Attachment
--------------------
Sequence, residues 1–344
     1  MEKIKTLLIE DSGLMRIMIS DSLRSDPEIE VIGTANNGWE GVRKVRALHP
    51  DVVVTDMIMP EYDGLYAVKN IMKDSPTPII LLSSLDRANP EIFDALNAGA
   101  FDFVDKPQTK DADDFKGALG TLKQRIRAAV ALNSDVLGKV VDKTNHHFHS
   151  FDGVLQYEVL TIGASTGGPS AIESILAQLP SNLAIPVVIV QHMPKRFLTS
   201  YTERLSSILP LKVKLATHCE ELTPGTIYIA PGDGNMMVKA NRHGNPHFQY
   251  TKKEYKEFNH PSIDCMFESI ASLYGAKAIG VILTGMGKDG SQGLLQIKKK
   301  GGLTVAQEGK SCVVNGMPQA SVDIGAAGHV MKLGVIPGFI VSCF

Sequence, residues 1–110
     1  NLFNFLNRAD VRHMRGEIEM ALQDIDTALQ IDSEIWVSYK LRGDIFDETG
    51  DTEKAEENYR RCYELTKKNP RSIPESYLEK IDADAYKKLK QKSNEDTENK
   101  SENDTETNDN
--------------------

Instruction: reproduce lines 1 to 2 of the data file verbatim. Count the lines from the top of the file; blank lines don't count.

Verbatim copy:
Sequence, residues 1–344
     1  MEKIKTLLIE DSGLMRIMIS DSLRSDPEIE VIGTANNGWE GVRKVRALHP